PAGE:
I’ve Gone Mediaeval. That may not be a surprise to most, but now you can come with me. I am co-hosting a new podcast from History Hit called Gone Mediaeval. I present an episode every Saturday, mostly covering the high and late medieval period. The other host is Dr Cat Jarman, a bioarchaeologist, who specialises… Continue reading Gone Medieval Podcast
Well, if Richard III was entertained there, Gainsborough Old Hall can’t have always been Tudor! This article even says as much in a heading: “….Lincolnshire house, built in 1460, has been a theatre, preaching house, pub and masonic temple….” Excuse me, but 1460 was Plantagenet, not Tudor. Maybe it’s a Guardian error. (Perish the thought.)… Continue reading Gainsborough Old Hall was built in 1460…therefore it HAS to be Tudor….!
Today marks the 691st anniversary of the birth of Edward of Woodstock, eldest son of Edward III and Philippa of Hainault. Born June 15, 1330, Edward was made Duke of Cornwall in 1337 and, at age twelve, became Prince of Wales. He was a founding knight in his father’s creation of the Order of the… Continue reading Image of the Month: Edward, the Black Prince
On this day in 1376, “the strenuous and warlike Prince departed to God. He died on Trinity Sunday, during the Great Parliament, and may God protect him, for he was the very flower of chivalry, without peer in this world.” — from the personal tribute to the Prince by military surgeon John Arderne* Our current… Continue reading My Tottering TBR: The Black Prince by Michael Jones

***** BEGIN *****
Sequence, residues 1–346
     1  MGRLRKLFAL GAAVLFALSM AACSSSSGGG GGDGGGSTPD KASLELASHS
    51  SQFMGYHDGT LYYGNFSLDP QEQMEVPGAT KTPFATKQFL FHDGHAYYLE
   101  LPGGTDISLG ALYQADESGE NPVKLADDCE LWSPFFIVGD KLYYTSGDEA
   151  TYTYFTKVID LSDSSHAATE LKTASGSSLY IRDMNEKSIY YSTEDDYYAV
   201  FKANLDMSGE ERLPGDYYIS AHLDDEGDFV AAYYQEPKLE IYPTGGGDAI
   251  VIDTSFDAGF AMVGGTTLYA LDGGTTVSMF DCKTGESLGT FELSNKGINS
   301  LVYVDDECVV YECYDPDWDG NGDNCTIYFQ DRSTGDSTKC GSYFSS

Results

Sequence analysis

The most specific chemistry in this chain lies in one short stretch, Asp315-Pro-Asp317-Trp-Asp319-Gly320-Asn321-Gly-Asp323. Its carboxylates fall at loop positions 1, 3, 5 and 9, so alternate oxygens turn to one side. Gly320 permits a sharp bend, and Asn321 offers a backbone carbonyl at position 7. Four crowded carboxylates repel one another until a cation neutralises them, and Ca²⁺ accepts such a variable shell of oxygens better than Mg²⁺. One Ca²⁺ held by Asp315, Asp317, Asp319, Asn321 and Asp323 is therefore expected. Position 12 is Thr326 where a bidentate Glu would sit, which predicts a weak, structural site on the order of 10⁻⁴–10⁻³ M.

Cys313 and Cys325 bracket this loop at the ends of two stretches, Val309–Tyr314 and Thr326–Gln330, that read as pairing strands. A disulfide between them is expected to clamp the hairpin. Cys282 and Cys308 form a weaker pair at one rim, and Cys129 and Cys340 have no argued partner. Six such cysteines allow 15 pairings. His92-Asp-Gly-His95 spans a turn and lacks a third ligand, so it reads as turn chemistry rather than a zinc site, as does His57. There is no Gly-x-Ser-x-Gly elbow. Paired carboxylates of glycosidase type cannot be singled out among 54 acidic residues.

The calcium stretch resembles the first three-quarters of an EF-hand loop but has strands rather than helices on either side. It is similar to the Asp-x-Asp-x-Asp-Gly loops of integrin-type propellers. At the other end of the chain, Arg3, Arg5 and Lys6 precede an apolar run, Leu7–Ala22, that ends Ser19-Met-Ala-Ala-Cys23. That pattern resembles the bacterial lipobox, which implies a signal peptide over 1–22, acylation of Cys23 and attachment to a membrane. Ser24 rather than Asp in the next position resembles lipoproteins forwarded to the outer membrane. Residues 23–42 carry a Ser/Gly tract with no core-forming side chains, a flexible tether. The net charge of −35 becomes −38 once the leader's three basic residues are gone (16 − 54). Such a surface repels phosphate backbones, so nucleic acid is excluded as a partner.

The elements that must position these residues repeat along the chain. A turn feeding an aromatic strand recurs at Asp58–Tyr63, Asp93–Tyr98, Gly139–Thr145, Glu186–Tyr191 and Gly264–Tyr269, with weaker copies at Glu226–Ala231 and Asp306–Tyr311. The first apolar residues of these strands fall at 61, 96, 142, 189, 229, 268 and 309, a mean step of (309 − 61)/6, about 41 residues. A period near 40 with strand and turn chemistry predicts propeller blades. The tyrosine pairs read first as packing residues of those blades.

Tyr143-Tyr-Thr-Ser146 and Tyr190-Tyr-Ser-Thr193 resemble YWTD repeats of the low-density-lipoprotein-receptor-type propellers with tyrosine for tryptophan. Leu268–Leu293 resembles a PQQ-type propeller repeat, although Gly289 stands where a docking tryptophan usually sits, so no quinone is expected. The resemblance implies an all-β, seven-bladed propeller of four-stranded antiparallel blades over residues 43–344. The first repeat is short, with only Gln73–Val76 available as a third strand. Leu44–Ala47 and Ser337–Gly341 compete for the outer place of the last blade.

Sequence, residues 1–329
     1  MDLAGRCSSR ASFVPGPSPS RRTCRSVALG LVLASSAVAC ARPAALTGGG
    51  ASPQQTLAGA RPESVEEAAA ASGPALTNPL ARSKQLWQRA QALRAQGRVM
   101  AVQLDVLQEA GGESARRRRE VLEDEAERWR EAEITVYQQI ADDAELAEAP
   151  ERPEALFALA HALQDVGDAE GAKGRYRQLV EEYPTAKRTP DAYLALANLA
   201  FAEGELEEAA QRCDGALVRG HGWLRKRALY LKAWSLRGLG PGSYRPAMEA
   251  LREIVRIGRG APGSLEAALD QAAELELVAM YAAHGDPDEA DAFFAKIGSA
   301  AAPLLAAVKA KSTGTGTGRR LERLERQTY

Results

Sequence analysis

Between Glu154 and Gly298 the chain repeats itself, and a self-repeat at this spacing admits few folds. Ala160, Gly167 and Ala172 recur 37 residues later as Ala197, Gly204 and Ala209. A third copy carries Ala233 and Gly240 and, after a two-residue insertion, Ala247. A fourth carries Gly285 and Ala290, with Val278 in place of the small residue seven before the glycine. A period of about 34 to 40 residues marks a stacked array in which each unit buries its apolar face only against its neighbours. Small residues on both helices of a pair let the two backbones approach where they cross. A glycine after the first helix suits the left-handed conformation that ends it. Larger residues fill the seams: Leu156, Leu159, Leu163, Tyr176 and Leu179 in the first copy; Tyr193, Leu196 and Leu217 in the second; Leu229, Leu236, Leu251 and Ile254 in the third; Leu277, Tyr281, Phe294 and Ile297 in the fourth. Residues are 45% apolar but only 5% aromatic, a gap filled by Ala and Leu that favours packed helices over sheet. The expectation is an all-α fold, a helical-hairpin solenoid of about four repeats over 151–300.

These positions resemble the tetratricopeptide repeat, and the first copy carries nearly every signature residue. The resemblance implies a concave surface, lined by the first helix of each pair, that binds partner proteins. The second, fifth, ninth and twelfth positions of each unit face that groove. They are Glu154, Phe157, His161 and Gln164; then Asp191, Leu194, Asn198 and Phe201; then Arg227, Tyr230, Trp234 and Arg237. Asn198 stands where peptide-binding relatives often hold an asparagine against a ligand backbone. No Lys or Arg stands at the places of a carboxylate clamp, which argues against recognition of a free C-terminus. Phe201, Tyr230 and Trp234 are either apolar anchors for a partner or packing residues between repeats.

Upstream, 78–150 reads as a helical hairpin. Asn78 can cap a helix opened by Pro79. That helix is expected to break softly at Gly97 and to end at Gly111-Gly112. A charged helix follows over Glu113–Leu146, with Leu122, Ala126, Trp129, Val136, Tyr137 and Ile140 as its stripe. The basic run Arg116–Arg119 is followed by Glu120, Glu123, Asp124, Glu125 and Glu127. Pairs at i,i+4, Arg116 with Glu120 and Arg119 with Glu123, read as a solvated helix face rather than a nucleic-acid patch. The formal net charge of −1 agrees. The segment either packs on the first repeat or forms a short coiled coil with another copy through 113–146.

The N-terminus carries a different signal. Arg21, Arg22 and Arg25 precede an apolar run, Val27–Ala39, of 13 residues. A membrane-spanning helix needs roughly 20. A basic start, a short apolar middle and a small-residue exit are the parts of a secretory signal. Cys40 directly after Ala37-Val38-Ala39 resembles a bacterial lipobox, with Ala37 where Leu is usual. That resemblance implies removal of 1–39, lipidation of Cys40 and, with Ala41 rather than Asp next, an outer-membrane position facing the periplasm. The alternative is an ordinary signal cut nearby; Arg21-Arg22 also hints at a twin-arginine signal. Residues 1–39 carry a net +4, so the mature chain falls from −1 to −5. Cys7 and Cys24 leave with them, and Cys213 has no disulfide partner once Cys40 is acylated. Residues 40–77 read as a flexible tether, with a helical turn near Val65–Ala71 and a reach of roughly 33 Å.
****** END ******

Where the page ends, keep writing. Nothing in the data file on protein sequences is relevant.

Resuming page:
In 1840 workmen carrying out repairs to St Bartholomew’s Church, Ashperton, Herefordshire were collecting stones from the ruins of a nearby manor house when they discovered a heavy stone plaque, carved with an elaborate coat of arms, among the rubble. The stone was taken to the church for safekeeping and has hung on the wall… Continue reading The Traitor’s Arms?
My next book – due for release in October, all being well – is about Henry II and Eleanor of Aquitaine. They were one of Europe’s most fabulous power couples, ruling lands that spread from the North Sea to the Mediterranean. Eleanor was nine years Henry’s senior. When they married in 1152, he was a… Continue reading Eleanor the Crusader
Preface I conceived this article as a defence of King Henry V against the accusation that he was a war criminal. It became apparent, however, that my research was drawing me away from Henry’s campaigns towards a broader study of the origin and causes of the Hundred Years War. Soon, I was reading material going… Continue reading THE THREE HUNDRED YEARS WAR – Part 1: the Devil’s brood
Here’s something to ponder. “….He [John of Gaunt] built the large mansion called The Savoy by the bank of the Thames in London, lost in during one of the countless rebellions against Richard [II], who, with John I and Henry III, could be termed one of the unusually stupid Plantagenets, though all three had terrible… Continue reading The Plantagenets were all stupid….?
Clarendon Palace is a little known historical site. Most people in Salisbury know it’s there; less can tell you how to reach it. There is no car park; you won’t find tourist coaches. Pull in on the narrow leafy green lane then you must walk, like a Hobbit leaving the Shire, past farms and across… Continue reading NEW EXCAVATIONS AT CLARENDON PALACE
The Golden Dragon of Burford in Oxfordshire isn’t a takeaway! It’s the pagan banner of the Anglo-Saxon King of Mercia, Aethelbert, who was defeated at the Battle of Burford in AD 752 by Cuthbert, King of the West Saxons. Aethelbert’s golden–dragon banner was taken, and for centuries the outcome of this battle was celebrated in… Continue reading On the trail of the golden dragon of Wessex….